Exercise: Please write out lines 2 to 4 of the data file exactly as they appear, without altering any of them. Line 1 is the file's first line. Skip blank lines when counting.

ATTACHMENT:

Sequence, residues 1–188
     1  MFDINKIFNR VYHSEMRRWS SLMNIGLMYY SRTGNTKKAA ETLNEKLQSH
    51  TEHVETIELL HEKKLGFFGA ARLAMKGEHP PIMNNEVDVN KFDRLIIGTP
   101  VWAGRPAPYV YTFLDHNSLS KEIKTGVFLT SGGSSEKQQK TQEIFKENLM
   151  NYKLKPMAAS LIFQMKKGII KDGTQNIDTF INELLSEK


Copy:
     1  MFDINKIFNR VYHSEMRRWS SLMNIGLMYY SRTGNTKKAA ETLNEKLQSH
    51  TEHVETIELL HEKKLGFFGA ARLAMKGEHP PIMNNEVDVN KFDRLIIGTP
   101  VWAGRPAPYV YTFLDHNSLS KEIKTGVFLT SGGSSEKQQK TQEIFKENLM